WNY News Now Image.MAYVILLE – Cold temperatures and frigid wind chills have prompted the Chautauqua County Department of Health and Human Services to issue a Code Blue Warning.This warning is triggered when temperatures reach 32 degrees or lower and requires shelter access to anyone in need of assistance.During normal business hours of 8:30 a.m. to 4:30 p.m. Monday through Friday, people seeking emergency shelter should report to the Department of Health and Human Services offices in Dunkirk or Jamestown where emergency shelter will be arranged.After normal business hours and on weekends and holidays, persons seeking emergency shelter or those who know of someone who is in need of emergency shelter or who is experiencing homelessness should contact the Chautauqua County Sheriff’s Office by dialing 911 and shelter assistance will be provided. Assistance will also be provided by any local law enforcement agency in Chautauqua County.The following agencies are also able to assist with Code Blue placements in Chautauqua County:Brooks Hospital, UPMC Chautauqua Hospital and The Chautauqua County Department of Mental Hygiene;The United Christian Advocacy Network (UCAN) City Mission can be utilized by adult males and is located at 7 West First Street, Jamestown, and may be contacted by calling (716) 488-7480.In addition, the following Chautauqua County warming centers may be open during the following hours and at the following locations. It is strongly encouraged that people seeking warming center assistance contact the site to determine specific hours and closures: Share:Click to share on Facebook (Opens in new window)Click to share on Twitter (Opens in new window)Click to email this to a friend (Opens in new window)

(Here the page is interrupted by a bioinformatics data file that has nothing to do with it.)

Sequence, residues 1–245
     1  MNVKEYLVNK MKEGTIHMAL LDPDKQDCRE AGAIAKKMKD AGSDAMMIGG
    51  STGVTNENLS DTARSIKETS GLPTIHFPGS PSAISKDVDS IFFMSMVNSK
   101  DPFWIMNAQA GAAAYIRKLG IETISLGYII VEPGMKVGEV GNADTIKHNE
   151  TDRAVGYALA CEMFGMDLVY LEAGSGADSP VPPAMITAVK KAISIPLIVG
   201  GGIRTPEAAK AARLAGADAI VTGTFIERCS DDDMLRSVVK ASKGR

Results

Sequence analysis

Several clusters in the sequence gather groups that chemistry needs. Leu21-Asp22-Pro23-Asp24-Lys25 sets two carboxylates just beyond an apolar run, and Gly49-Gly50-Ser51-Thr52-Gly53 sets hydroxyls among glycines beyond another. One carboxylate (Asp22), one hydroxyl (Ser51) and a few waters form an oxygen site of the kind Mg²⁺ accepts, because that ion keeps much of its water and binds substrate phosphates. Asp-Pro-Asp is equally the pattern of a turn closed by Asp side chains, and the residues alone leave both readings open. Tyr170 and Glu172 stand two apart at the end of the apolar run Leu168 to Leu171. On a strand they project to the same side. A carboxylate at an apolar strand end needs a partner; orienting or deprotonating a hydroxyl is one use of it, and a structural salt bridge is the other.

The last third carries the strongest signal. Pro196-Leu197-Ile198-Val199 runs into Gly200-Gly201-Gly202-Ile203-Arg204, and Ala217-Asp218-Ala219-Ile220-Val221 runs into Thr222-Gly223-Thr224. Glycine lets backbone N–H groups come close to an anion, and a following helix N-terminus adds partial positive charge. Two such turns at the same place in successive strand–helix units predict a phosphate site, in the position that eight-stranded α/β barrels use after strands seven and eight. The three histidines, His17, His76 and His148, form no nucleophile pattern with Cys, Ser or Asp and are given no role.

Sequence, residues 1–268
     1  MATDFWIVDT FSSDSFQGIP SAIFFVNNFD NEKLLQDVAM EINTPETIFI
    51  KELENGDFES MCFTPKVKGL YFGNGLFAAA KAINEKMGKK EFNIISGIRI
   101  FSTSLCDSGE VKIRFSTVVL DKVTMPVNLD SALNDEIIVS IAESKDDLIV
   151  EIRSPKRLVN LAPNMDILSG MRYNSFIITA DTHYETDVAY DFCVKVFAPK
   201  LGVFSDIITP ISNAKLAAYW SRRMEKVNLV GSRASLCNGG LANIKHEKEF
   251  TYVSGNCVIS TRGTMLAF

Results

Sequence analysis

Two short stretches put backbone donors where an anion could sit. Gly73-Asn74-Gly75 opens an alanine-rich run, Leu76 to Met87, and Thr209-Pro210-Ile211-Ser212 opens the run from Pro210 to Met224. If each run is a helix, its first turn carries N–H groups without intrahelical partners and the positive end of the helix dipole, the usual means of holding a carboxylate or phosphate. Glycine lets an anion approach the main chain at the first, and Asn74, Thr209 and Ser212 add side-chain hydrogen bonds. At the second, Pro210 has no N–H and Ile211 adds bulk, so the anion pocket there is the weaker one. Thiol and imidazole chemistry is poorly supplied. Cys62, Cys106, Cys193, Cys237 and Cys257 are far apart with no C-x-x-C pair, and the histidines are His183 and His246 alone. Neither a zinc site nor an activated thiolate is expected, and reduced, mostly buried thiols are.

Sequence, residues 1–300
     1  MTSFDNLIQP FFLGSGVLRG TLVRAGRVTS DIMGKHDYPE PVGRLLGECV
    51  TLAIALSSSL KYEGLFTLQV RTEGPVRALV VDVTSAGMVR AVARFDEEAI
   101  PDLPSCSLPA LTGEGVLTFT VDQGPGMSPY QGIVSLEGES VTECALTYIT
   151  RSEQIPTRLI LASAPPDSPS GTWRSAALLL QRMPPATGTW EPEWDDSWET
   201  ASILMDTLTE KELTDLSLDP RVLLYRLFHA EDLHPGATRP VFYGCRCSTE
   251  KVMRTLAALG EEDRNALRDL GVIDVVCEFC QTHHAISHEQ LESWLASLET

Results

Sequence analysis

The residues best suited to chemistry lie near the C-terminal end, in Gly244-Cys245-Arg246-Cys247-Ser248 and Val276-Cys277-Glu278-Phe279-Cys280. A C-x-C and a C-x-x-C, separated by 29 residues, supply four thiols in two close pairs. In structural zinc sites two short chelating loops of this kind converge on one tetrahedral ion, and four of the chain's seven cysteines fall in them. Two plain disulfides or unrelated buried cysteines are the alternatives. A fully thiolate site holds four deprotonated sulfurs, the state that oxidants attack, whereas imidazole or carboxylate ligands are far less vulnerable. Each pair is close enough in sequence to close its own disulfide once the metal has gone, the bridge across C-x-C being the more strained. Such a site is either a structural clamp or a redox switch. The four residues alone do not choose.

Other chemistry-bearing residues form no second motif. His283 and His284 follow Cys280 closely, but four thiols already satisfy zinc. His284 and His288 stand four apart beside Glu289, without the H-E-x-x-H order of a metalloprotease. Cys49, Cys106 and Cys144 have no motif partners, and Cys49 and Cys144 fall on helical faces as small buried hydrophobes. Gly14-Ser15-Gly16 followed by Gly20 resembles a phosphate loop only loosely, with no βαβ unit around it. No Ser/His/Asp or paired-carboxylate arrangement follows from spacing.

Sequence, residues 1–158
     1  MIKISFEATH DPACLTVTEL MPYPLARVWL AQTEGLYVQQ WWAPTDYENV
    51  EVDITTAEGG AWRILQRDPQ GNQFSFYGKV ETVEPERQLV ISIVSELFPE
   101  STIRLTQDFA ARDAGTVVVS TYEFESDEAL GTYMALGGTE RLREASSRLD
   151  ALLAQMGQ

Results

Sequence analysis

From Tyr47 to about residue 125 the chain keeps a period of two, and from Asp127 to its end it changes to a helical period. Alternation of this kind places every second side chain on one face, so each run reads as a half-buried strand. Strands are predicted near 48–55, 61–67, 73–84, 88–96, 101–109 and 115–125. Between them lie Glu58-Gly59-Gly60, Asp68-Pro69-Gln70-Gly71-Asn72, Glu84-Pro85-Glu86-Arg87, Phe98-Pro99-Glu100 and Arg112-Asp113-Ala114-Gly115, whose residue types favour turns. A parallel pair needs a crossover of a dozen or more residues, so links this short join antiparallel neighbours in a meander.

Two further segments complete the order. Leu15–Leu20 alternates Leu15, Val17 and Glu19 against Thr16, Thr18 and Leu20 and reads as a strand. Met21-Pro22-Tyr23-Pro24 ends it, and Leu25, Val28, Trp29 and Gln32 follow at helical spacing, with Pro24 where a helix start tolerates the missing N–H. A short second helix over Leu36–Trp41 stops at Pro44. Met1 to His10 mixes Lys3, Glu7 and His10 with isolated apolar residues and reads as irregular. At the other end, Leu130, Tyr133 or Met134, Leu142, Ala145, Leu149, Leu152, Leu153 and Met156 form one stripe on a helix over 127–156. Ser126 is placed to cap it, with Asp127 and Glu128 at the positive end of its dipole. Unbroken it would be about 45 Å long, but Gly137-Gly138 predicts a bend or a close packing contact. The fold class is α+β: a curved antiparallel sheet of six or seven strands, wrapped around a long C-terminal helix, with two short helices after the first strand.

Share:Click to share on Facebook (Opens in new window)Click to share on Twitter (Opens in new window)Click to email this to a friend (Opens in new window),My son has been harassed by his ex-girlfriend. He has a order of protection against him, but SHE CONSTANTLY TEXTS HIM, CALLS HIM! VISITS HIM, BUT GUESS WHO IS IN JAIL!! NOT HER!! ITS HIM. Image by Justin Gould/WNYNewsNow.MAYVILLE – Numerous readers have recently expressed concern about the release of inmates from the Chautauqua County Jail due to the global COVID-19 pandemic. WNYNewsNow reached out to Chautauqua County Sheriff Jim Quattrone Thursday morning to ask him about the situation. Quattrone confirmed that the court system released inmates as a precaution, but dispelled any concerns that the virus may have been brought into or out of the jail.“The courts have released people from the jail after a careful consideration of their records or charges,” Quattrone said. “By doing that, we are able to be better with having social distancing among the inmates.”The county’s top law enforcement officer says that his department has taken several precautions with the staff and inmates in the jail. Inmates are not allowed visitors at this time, and any vendor or inmate that is brought into the jail will be screened before they’re aloud in. Quattrone adds that there is one single point of entry for staff. Quattrone says that all county employees who remain working are required to self-screen every 12 hours before going to work, adding that his staff is doing additional screening when they arrive on campus.Stores nationwide are experiencing a high demand for toilet paper, as well as various food products. Quattrone said, other than a brief “scare” on toilet paper due to a back order, his staff hasn’t experienced a supply shortage.Quattrone says that he’s worked with various county entities to ensure that, should the jail see a shortage of toilet paper, his staff could receive a supply.WNYNewsNow also asked Quattrone what precautions have been taken for his road deputies as they respond to reported crimes and other emergencies. He says that “somewhat, business has been usual.”“Many of the things that we are stressing, such as social distancing, those are things we’ve stressed throughout their basic training, as far as having distance between us and individuals,” Quattrone said. “We are, as a result of the COVID-19 (pandemic), our dispatchers are asking specific questions when calls come in to do somewhat of a screen. But we’re having our officers just assume that those people could have the virus.”Quattrone says his officers have masks, goggles and gloves that they can put on themselves should they run into anyone who exhibit visible symptoms of the COVID-19 virus.Quattrone also says that the crisis is “not a time to be fearful. It’s a time to be respectful.”“When I say respectful, respectful of each other, but also respectful of the virus,” Quattrone said. “It’s not something to be feared, but it’s something to be respected….It’s a time to socialize, but do it at a safe distance.”